A Richmond, Va., television station told drivers to “read the fine print” and realize that insurers won’t always put new parts on your vehicle during a collision repair in a broadcast aired Monday and posted Tuesday.
“You probably assume they’re ordering new parts,” anchor Juan Conde says.
Terrance Blackburn and wife Essence Miles’ Chrysler Pacifica crossover suffered serious front-end damage after a collision in Florida in January 2014, according to the WRIC 8News Investigates report helmed by Kerri O’Brien. The car is older — its model year is unclear, but Chrysler hasn’t made the vehicle since the 2008 model year, according to Automotive.com.
Progressive agreed the other driver was at-fault, took the car to a Florida repairer and told Blackburn that it would have a lifetime warranty on parts, according to the station.
“Since that accident, it hasn’t been right, at all,” Blackburn says on the newscast.
After checking their paperwork on the deal, they realized that a recycled part had been used, and brought the vehicle to local Virginia mechanic Gary Thaxton of Chapman’s Certfied Auto, who found water pump and radiator leaks, WRIC reports.
The water pump was new, but the radiator was used, according to O’Brien’s report. (If you look closely at the estimate at about the 1:33 mark, it seems other non-OEM parts were as well.)
“Can’t tell that’s the problem, but the radiator is leaking.” Thaxton says.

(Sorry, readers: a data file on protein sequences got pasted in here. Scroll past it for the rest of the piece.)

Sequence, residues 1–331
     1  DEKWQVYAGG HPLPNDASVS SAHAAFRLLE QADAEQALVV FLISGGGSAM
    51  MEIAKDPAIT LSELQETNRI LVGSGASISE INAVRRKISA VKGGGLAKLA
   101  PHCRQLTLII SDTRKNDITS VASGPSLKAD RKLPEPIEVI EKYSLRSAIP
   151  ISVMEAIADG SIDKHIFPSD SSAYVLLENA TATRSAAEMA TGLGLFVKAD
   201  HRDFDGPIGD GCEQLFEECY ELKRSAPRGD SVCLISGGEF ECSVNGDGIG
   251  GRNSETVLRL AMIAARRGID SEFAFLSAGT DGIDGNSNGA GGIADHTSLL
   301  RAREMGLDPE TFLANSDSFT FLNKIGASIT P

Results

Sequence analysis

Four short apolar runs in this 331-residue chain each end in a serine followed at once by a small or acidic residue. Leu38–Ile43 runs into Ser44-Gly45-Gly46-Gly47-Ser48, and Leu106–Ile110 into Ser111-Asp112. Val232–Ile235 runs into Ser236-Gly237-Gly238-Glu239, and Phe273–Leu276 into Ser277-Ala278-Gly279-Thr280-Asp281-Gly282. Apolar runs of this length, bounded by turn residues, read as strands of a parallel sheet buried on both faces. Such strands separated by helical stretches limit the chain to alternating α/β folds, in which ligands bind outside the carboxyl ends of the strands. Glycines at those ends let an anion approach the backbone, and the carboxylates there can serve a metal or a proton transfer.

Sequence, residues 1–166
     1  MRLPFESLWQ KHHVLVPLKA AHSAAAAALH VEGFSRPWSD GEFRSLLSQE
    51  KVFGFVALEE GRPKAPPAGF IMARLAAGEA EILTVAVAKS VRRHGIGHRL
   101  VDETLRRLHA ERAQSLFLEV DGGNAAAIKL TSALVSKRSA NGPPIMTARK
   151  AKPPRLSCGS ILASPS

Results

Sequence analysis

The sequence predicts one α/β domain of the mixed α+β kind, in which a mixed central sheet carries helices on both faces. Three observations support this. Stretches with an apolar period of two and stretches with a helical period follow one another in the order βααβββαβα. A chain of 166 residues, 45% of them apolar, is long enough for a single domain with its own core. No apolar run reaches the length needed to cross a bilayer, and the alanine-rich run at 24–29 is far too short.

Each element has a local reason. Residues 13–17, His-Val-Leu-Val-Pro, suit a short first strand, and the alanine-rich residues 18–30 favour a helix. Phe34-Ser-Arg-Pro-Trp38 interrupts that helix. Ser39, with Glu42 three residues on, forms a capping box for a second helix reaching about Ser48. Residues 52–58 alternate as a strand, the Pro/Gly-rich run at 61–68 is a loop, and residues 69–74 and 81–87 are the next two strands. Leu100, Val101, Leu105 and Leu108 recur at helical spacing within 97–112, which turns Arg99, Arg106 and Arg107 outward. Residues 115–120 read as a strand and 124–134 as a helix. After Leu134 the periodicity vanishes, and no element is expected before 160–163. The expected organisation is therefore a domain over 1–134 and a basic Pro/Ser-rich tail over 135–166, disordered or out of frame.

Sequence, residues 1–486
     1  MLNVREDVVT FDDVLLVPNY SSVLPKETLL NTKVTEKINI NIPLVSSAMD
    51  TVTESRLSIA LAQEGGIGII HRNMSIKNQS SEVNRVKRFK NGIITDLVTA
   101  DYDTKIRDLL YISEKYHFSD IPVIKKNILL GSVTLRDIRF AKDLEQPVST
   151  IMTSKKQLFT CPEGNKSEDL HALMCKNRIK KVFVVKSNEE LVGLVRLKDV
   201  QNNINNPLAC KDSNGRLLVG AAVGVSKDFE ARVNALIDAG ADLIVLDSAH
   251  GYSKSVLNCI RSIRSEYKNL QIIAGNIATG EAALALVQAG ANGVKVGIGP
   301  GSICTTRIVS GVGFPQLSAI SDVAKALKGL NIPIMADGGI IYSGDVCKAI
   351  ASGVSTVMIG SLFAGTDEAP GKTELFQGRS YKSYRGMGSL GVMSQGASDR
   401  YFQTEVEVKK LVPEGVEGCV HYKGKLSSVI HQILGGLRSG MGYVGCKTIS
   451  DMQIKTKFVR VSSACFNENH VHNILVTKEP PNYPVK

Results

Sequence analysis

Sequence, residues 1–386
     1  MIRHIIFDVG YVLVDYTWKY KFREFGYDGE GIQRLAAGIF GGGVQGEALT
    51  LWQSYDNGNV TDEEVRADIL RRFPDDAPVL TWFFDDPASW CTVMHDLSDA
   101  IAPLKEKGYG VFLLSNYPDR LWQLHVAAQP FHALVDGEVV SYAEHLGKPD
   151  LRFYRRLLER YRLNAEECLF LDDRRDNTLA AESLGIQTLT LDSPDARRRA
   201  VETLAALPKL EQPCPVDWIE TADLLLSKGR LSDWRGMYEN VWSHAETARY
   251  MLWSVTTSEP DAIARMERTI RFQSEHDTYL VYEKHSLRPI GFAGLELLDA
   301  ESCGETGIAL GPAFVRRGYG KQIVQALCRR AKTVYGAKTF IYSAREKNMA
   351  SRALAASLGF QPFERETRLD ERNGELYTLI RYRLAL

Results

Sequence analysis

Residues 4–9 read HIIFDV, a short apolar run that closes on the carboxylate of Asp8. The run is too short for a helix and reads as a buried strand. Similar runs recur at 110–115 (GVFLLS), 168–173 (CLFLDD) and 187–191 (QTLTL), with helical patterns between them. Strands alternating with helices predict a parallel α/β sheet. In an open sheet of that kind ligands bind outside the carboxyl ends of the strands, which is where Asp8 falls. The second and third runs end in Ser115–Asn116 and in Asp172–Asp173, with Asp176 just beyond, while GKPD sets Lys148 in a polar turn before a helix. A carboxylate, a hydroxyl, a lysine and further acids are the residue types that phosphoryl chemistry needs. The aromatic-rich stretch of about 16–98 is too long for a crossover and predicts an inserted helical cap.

The new repair bill would be $1149.75, which Progressive won’t pay, saying the worn seal on the water pump and wear and tear after the repair caused the damage, according to WRIC. (So much for the parts lifetime warranty; although perhaps Blackburn misunderstood a work guarantee for a parts guarantee.)
The couple’s comments are ironic, and probably reflect the views of a lot of consumers.
“If I knew that there were recycled parts going in there, I wouldn’t even agree to anything,” Blackburn says.
“I was actually shocked because, you know, Progressive is a pretty big insurance company,” Miles says.
Paxton was generally complimentary to recycled parts on the broadcast: “It’s a good way to save money and still have a good-quality part,” he says.
But if you’re planning on keeping the car more than three years, “spend the money, put the good stuff in it,” he says.
WRIC, May 12, 2015
Featured image: This image taken from WRIC footage shows a couple’s Chrysler Pacifica in which the water pump and radiator, installed in a Florida collision repair, leak. (Screenshot of WRIC video on www.wric.com)